Escape of water 6 – summary

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This is the sixth in a series of articles which document the procedure/process following a burst water pipe and the subsequent insurance claim. I decided to write the articles following such an event in my house and being unable to find much in the way of useful information online. Hopefully, in time, the search engines will pick these articles up and if you are unfortunate enough to suffer a similar event, my experience might give you some idea of what to expect. The first article in this series can be found here.

So, some eight months since a pipe burst in my loft and flooded my house, I got my property returned to me, fully repaired and basically like a brand new home. If you are reading this because something similar has happened to your house and you have no idea what will happen with the insurance claim and so on, the following tips might help guide you through a, frankly, pain in the backside time…

One of the first things that will happen with any reasonable-sized claim is that a loss adjuster will visit you. A loss adjuster’s job is to ensure that the claim is settled fairly and within the terms of the policy. He/she is also tasked with identifying and reporting fraudulent or suspicious claims. If you have nothing to hide, the loss adjuster, in my experience at least, is your friend. He isn’t there to try and talk down your claim – far from it – in my case he actually told me about some things I could claim for that I wasn’t even aware of! In other words, he effectively increased the size of the claim. Although the loss adjuster is employed by the insurance company, he/she should act impartially, which means you should end up getting exactly what you are entitled to. Make a friend of your loss adjuster – he isn’t the enemy and if you have considerable damage like I did, you will have to liaise with him on a regular basis so it makes sense to make the effort to get on. In my case, this was easy because the loss adjuster assigned to my case was a genuinely nice guy who was also very knowledgeable and helpful.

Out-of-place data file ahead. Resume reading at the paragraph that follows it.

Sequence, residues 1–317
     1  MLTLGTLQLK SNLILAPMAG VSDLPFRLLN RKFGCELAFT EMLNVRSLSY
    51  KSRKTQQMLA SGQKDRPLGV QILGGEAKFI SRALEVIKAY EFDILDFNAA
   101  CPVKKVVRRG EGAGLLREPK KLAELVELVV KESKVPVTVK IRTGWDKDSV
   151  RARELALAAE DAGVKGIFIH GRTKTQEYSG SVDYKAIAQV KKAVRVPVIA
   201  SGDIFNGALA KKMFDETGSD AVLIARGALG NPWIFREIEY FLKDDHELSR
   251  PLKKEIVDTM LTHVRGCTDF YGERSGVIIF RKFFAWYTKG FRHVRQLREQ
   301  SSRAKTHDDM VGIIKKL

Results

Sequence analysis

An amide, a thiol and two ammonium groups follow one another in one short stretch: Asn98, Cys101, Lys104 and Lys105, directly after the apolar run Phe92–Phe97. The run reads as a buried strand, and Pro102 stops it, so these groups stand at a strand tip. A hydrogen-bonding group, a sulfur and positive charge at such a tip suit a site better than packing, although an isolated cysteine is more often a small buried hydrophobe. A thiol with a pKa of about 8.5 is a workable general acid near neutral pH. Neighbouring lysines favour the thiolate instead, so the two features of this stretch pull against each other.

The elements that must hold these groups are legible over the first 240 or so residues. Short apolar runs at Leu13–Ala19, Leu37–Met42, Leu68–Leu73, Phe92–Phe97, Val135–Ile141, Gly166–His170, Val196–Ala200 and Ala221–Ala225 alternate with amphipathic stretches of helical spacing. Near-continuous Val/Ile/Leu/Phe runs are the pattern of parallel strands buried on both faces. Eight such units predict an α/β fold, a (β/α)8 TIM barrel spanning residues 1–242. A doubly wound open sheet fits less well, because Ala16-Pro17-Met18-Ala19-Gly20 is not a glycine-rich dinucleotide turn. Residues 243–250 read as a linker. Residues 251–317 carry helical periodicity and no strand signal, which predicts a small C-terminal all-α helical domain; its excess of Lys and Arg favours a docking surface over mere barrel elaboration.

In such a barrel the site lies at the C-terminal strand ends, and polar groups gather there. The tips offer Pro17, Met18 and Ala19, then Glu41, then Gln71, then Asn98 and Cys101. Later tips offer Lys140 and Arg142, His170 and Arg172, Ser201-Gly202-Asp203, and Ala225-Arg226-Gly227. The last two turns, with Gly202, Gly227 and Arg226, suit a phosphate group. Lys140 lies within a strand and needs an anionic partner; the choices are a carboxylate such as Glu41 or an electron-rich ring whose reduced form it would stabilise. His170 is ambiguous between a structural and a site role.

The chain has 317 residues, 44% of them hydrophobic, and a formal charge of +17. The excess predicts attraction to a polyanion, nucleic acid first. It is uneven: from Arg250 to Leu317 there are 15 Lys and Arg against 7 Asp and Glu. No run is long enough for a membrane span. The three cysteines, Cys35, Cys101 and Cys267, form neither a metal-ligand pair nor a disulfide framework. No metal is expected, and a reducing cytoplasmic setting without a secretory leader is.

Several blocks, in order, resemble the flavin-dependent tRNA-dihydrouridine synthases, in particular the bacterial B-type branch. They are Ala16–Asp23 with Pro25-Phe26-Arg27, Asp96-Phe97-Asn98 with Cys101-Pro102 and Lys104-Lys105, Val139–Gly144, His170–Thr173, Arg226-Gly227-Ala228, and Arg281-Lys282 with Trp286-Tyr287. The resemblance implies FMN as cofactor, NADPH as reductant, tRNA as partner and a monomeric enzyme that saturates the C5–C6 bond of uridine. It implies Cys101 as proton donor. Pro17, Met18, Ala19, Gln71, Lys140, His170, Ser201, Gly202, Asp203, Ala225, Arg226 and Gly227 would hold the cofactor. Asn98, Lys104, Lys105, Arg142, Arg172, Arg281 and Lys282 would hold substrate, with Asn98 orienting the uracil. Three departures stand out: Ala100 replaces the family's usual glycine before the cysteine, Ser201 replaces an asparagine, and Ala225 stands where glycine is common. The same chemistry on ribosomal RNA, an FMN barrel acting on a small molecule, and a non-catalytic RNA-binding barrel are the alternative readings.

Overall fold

Be prepared for the insurance claim and associated works to dominate your life for a few months. When I look back at 2015, the first eight months of the year were entirely dominated by my trashed house and chasing people, arranging appointments, working on the wreck and so on. Expect to do a lot of telephone chasing – most of the people involved in the insurance and building industry seem to be extremely busy all of the time and you will need to constantly chase things to make sure progress is made. This is frustrating and will, at times, feel like you are banging your head against a brick wall but keep going, it will get done eventually!

Get yourself into rented accommodation as soon as possible. Your insurance company should arrange this if your property is uninhabitable. I tried living in a hotel (which I thought would be fun) and this soon gets boring and expensive (even with the insurance co paying for the room). I also put on a load of weight because I couldn’t cook my own meals. I have no idea how this would have worked if I had a ‘normal’ job or a family with me.

Finally, keep reminding yourself that you will get to the end of the claim/repairs eventually and you will very quickly forget about all of the hassle and stress. I’ve been back in my house for a couple of months now and it’s been quite fun spending the insurance money on new furniture etc. Plus my house is in great shape and has some nice new touches which wouldn’t have been there had the pipe not burst. I’m not saying it was worth going through the experience in order to get a few new doors – far from it – but I’ve almost forgotten the frustration, irritation and stress of the whole affair and I am left with a shiny new house for my trouble!

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